I always pack a book when I leave on a trip. Because iPods can malfunction, and Nintendo DS consoles can run out of juice, but it’s pretty hard to get into a situation where you can’t crack open a good novel (although I do remember a nocturnal transatlantic flight where neither the TV screens nor the reading lights were working, and they wouldn’t leave the main lights on because some people wanted to sleep – that was a long nine hours). But I’m always afraid of running out of reading material, and there’s not a whole lot to do in airports, so I always wind up spending a lot of time at the bookstore. They don’t have a lot of choices, and most of their books are either trendy or lowbrow, but it gets me to look at books that I normally don’t even glance at.

Another recent trend in my reading habits is that I am irresistibly attracted to any book that has to do with food. I’m not talking about factual books: I do pick some of those up on occasion (why wouldn’t I want to learn all about the history of salt?), but I know a lifetime wouldn’t be enough to read everything that’s out there. No, I’m talking about fiction that revolves around food. It’s gotten to the point where I snatch up anything that has a food-related word in the title. In The Kitchen, The Particular Sadness of Lemon Cake, Le cuisinier – it’s all good. Sometimes, the book ends up not being much about food after all, but it's always interesting to see where food does factor in.

It’s not always great literature, of course. But I’m a versatile reader, and I like a little bit of everything in small doses, so I’m usually content, even if I have yet to have my mind blown. Recently, however, I read a food novel that reassured me that I still have standards: Joanne Fluke’s Devil’s Food Cake Murder.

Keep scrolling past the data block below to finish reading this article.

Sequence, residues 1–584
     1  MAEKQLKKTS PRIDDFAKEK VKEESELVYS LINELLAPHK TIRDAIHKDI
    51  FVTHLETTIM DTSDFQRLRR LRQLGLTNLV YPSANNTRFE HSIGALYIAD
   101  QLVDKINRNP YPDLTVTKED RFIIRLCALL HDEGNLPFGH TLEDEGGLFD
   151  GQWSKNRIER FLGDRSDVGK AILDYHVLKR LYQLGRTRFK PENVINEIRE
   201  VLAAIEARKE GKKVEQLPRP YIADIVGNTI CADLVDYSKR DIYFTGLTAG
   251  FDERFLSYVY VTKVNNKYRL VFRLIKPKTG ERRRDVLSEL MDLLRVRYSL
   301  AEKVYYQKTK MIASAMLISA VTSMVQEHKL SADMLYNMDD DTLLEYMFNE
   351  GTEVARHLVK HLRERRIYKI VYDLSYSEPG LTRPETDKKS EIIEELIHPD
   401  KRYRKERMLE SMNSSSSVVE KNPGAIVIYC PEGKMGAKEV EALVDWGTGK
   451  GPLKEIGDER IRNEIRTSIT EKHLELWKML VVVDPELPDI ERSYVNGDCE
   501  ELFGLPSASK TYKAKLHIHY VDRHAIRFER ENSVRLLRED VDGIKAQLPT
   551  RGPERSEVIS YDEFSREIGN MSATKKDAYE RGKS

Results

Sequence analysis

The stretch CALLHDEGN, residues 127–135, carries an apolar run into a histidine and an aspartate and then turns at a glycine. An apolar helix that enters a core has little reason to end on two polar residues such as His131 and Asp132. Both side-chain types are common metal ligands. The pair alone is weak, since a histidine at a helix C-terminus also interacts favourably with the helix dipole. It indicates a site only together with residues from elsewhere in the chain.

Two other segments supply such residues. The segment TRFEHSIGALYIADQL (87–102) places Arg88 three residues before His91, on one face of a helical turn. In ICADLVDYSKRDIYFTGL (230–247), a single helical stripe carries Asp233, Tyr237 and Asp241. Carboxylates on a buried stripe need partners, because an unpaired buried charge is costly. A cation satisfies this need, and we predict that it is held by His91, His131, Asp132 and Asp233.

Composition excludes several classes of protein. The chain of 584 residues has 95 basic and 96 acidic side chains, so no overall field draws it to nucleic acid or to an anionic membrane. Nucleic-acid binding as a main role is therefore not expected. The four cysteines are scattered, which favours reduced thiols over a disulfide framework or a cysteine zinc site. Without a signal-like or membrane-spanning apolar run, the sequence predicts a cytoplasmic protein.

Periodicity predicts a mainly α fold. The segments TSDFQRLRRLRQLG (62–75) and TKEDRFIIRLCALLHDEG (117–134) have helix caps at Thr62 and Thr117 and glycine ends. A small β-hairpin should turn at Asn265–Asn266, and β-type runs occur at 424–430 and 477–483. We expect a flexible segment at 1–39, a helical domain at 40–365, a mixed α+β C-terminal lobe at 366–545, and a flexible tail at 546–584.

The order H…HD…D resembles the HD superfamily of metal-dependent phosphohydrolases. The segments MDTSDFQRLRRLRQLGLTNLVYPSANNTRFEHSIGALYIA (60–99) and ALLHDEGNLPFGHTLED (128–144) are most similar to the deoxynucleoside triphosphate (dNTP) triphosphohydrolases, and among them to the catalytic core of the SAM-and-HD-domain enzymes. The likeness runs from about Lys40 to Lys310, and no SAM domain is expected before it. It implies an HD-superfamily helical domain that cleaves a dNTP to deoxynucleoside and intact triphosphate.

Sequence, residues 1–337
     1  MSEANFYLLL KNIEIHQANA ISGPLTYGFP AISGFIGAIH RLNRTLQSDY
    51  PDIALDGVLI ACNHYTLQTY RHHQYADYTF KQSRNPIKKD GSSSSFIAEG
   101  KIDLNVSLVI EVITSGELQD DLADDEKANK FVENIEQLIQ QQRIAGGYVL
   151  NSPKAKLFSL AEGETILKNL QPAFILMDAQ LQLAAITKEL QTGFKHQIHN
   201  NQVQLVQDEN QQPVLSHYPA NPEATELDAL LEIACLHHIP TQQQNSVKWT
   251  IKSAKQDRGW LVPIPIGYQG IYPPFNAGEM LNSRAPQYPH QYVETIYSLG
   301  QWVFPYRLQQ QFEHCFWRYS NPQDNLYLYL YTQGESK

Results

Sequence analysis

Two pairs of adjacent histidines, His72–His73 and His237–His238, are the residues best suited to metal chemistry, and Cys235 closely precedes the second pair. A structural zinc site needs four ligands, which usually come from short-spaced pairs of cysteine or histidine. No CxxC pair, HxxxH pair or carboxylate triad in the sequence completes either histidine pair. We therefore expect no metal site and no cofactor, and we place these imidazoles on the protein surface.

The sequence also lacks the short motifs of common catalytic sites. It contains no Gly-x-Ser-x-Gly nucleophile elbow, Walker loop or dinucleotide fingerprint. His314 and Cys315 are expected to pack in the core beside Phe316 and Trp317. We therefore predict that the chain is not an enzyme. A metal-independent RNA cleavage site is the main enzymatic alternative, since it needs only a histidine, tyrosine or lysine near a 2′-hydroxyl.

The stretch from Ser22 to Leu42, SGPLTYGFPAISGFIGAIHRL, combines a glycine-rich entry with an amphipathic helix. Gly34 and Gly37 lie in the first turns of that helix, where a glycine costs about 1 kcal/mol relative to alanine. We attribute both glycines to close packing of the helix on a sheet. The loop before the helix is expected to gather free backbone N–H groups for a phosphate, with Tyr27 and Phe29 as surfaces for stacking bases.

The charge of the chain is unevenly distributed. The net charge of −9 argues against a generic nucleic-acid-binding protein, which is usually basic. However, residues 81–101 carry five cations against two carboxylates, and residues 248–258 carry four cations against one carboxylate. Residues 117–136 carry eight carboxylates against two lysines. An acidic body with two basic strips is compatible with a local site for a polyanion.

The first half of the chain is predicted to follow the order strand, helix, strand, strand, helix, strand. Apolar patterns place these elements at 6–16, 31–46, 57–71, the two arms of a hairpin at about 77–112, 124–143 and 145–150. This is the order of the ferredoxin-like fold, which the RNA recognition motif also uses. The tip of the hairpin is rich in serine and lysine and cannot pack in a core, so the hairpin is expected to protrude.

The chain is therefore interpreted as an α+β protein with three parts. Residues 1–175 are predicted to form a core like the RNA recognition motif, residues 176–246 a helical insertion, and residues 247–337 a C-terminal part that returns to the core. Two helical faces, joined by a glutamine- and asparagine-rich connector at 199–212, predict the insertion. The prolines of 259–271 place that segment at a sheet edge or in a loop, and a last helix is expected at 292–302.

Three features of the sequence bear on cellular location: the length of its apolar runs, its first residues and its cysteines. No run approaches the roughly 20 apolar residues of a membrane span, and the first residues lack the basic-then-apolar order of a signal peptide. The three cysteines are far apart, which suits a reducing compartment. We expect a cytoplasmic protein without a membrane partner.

I picked this one up at, you guessed it, the airport. At first glance, it looked right up my alley: a young female baker who solves crime on the side, how could I go wrong? The main character even has a mischievous and demanding cat, something I can definitely relate to. But in the end, I was disappointed.

Of course, one needs to keep in mind that this is part of a long-running series, with recurring characters and themes. So, not having read any of the previous books, it’s understandable that I had a little difficulty relating to the giant cast of characters, most of whom were introduced without any major description or development, with the assumption that the reader was already familiar with them. Fair enough, but a good book should be able work around this problem, and involve new readers even in the middle of a series.